A client has nutcracker syndrome, and she is not a good candidate for surgical correction. She wants massage to help deal with her symptoms. But nutcracker syndrome is a kidney problem with a risk of thrombosis and renal damage. Yikes, can massage be safe?
As always, it depends.
Listen in to see what it depends on.
Pocket Pathology: abmp.com/abmp-pocket-pathology-app
Ananthan, K., Onida, S. and Davies, A.H. (2017) ‘Nutcracker Syndrome: An Update on Current Diagnostic Criteria and Management Guidelines’, European Journal of Vascular and Endovascular Surgery, 53(6), pp. 886–894. https://doi.org/10.1016/j.ejvs.2017.02.015.
Kurklinsky, A.K. and Rooke, T.W. (2010) ‘Nutcracker Phenomenon and Nutcracker Syndrome’, Mayo Clinic Proceedings, 85(6), pp. 552–559. https://doi.org/10.4065/mcp.2009.0586.
Renal Nutcracker Syndrome: Symptoms, Causes, and Treatment (2018) Healthline. Available at: www.healthline.com/health/nutcracker-syndrome (Accessed: 14 February 2022).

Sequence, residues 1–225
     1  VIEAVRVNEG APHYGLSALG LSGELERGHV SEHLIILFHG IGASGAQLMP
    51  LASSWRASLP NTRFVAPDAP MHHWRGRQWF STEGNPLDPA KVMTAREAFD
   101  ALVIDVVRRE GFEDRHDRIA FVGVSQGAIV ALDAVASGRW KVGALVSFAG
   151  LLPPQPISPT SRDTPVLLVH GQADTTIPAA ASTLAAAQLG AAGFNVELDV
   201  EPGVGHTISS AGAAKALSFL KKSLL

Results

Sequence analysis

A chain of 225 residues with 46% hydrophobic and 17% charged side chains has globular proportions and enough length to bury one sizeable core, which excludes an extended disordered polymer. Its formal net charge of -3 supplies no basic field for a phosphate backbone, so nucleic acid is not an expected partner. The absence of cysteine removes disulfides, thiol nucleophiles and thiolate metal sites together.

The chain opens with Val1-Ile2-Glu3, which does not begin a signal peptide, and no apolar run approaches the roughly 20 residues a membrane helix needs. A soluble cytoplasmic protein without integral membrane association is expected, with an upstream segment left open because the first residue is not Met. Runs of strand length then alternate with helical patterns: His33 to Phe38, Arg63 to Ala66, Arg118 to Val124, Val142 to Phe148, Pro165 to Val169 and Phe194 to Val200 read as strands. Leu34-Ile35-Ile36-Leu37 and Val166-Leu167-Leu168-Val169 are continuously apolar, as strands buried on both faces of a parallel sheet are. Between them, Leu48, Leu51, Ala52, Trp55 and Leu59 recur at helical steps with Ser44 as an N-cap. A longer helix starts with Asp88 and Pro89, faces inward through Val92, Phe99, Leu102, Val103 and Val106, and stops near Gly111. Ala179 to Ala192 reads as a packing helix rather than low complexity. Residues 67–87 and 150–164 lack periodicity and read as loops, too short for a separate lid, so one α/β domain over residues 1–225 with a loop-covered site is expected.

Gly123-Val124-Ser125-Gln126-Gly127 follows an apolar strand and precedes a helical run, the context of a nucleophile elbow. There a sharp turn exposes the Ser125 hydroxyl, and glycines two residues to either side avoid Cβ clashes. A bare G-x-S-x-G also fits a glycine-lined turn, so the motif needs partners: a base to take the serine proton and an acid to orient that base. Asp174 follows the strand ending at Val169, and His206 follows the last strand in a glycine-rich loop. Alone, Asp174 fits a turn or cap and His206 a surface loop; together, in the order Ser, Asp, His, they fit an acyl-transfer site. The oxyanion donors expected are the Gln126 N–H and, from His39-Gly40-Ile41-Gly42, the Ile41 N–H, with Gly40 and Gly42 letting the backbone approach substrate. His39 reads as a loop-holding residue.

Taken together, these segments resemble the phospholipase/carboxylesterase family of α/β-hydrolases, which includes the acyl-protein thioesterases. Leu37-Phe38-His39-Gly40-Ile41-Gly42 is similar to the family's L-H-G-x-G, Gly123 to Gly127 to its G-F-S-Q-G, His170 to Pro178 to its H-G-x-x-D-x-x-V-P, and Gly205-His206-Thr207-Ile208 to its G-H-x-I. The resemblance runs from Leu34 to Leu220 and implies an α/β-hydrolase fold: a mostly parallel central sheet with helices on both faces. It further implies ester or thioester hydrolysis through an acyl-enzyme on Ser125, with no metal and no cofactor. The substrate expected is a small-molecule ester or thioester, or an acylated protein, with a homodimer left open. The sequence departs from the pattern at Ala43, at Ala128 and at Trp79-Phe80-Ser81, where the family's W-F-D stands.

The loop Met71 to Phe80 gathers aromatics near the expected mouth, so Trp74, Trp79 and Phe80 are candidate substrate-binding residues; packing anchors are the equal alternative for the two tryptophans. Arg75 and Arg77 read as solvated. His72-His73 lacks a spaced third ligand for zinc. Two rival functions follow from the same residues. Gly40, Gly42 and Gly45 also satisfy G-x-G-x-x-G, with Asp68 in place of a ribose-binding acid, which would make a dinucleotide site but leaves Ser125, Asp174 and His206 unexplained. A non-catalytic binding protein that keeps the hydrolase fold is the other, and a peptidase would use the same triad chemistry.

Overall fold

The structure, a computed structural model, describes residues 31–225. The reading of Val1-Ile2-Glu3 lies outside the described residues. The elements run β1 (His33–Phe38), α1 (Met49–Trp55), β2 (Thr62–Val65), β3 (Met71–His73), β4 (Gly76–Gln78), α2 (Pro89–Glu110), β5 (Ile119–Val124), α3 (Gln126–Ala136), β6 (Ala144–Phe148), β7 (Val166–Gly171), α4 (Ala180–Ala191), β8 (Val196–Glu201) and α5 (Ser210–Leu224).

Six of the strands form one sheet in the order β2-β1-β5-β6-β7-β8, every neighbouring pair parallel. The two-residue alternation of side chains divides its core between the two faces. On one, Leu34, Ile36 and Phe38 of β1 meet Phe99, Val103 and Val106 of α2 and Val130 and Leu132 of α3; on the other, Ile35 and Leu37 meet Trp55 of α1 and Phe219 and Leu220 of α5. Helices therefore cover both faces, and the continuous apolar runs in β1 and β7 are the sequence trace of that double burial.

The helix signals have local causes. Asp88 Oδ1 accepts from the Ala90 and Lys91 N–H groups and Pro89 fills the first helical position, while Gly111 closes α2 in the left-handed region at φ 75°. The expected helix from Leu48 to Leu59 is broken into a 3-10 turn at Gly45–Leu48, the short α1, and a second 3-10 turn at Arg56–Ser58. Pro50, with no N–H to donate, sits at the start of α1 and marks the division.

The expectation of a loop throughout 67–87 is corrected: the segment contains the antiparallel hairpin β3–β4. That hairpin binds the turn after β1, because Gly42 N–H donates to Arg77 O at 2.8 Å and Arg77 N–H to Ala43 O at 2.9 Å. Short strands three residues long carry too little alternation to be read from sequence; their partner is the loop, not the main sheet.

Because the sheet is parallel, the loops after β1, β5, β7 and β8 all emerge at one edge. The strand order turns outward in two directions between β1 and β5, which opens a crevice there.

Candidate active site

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About Anatomy Trains:
Anatomy Trains is a global leader in online anatomy education and also provides in-classroom certification programs for structural integration in the US, Canada, Australia, Europe, Japan, and China, as well as fresh-tissue cadaver dissection labs and weekend courses. The work of Anatomy Trains originated with founder Tom Myers, who mapped the human body into 13 myofascial meridians in his original book, currently in its fourth edition and translated into 12 languages. The principles of Anatomy Trains are used by osteopaths, physical therapists, bodyworkers, massage therapists, personal trainers, yoga, Pilates, Gyrotonics, and other body-minded manual therapists and movement professionals. Anatomy Trains inspires these practitioners to work with holistic anatomy in treating system-wide patterns to provide improved client outcomes in terms of structure and function.